X-Persona: <JAHitchcock> Return-path: <AbrahamTyler@jazzmotorsports.caseunsteadily.com> Envelope-to: awriter@ Delivery-date: Wed, 13 Nov 2013 09:03:35 -0600 Received: from jazzmotorsports.caseunsteadily.com ([184.108.40.206]:56070) by gator3186.hostgator.com with esmtp (Exim 4.80) (envelope-from <AbrahamTyler@jazzmotorsports.caseunsteadily.com>) id 1Vgbyh-0002fF-77 for email@example.com; Wed, 13 Nov 2013 09:03:35 -0600 Content-Type: text/plain; charset=”us-ascii” MIME-Version: 1.0 Content-Transfer-Encoding: 7bit Date: Wed, 13 Nov 2013 07:03:34 -0800 From: Dr.Oz Weekly Clip <AbrahamTyler@caseunsteadily.com> Message-ID: <firstname.lastname@example.org> Reply-to: <AbrahamTyler@caseunsteadily.com> Subject: Trim 18-pounds without physical activity To: <awriter@ > X-Spam-Status: No, score=-0.2 X-Spam-Score: -1 X-Spam-Bar: / X-Spam-Flag: NO
Working from the bottom up, usually the first Received: from line shows the originating IP address. In this case that is 220.127.116.11
Now you need to take the IP address and put it into a WHOIS search engine. WHOIS is a database of all the registered domain names worldwide. While you may be seeing http://www.haltabuse.org in your web browser URL box, it actually resolves to a numerical IP address.
I personally like to use either whois.cyberabuse.org or whois.sc
Putting in .120.135.138 into whois.cyberabuse.org, I get the following results:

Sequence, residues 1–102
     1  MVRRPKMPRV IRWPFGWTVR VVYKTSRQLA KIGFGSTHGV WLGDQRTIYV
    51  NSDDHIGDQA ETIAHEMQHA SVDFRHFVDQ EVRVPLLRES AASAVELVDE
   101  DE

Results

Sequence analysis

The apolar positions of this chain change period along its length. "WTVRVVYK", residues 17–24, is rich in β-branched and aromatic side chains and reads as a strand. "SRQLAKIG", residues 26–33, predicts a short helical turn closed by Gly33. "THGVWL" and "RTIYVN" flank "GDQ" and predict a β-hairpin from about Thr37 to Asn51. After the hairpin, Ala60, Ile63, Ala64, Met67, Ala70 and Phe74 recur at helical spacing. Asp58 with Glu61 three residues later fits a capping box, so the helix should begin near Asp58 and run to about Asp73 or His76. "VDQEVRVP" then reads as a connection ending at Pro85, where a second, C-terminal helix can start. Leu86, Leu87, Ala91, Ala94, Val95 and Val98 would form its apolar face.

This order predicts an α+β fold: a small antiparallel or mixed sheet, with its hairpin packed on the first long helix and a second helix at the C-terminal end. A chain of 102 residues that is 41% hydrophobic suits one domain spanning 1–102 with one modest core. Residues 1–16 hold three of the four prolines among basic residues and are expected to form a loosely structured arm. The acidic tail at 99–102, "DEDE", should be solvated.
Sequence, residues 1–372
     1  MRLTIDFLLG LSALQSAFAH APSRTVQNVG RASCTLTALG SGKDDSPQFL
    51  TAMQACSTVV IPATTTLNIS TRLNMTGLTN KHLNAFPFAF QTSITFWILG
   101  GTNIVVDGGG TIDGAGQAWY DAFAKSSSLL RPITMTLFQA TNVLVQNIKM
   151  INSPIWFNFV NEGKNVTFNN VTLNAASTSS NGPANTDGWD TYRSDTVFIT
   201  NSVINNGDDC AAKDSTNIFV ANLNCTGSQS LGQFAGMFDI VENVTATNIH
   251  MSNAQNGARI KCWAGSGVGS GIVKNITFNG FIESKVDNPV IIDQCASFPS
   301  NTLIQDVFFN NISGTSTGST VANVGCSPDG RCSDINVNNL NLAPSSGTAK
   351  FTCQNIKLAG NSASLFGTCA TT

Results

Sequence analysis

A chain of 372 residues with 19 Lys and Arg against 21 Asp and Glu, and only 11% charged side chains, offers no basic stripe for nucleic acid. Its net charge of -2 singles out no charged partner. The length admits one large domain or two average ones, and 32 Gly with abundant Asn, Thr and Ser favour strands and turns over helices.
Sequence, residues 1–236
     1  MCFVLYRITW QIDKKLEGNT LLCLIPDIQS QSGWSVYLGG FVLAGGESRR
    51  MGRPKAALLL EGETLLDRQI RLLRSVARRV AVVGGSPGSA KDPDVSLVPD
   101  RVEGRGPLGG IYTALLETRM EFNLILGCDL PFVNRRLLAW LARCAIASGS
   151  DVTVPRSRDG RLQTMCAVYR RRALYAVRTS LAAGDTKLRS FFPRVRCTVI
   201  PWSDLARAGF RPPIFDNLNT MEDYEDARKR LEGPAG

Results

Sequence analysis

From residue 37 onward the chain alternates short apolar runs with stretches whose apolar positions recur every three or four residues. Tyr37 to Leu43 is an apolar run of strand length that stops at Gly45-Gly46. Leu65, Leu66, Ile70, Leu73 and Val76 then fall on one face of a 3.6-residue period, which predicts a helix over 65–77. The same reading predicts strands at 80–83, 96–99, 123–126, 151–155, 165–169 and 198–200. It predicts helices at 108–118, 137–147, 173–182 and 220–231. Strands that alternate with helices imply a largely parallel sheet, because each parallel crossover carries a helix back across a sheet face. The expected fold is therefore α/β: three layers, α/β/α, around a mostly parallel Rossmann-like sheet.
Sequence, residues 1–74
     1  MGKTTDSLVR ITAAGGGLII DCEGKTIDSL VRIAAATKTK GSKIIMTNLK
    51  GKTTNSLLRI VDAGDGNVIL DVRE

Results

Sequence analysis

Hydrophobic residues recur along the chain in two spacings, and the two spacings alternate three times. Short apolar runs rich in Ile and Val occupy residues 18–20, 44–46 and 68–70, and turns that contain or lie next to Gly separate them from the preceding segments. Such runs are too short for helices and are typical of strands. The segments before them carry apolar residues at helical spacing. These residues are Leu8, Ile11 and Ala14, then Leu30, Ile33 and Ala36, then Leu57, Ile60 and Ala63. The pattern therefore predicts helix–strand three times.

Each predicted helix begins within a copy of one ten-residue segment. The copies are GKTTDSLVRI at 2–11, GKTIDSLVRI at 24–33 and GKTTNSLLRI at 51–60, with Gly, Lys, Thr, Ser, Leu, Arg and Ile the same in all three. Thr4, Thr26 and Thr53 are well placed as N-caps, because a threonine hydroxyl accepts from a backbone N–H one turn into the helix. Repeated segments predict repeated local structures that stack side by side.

IP range : 18.104.22.168 – 22.214.171.124 Network name : HOSTNOC-5BLK Infos : Network Operations Center Inc. Infos : PO Box 591 Infos : Scranton Infos : PA Infos : 18501-0591 Country : United States (US) Abuse E-mail : email@example.com Source : ARIN
Now I have a contact email address and snail mail address to send a complaint to.
Sometimes whois.sc gives me more contact info, so putting 126.96.36.199 into their search engine, I get the same as above, but also a name and contact phone number:
Arcus, S. Matthew +1-570-343-2200
Usually, a phone call from law enforcement goes a long way to get the ball rolling to stop the cyberstalker by asking the ISP what is needed. Some ISPs will ask for proof, such as the emails with full headers, a link/URL to the harassing posts or where else the harassment has occurred. Some ISPs will only help with a subpoena or court order. Sites such as Facebook have specific guidelines for law enforcement. We have a link to those, as well as other web sites at http://haltabuse.org/cops/links.html. We also have a list of ISP contact information at http://haltabuse.org/cops/isplist.html (the password is cops). Sometimes what we have listed is more relevant to law enforcement and better contact info than what you get from WHOIS.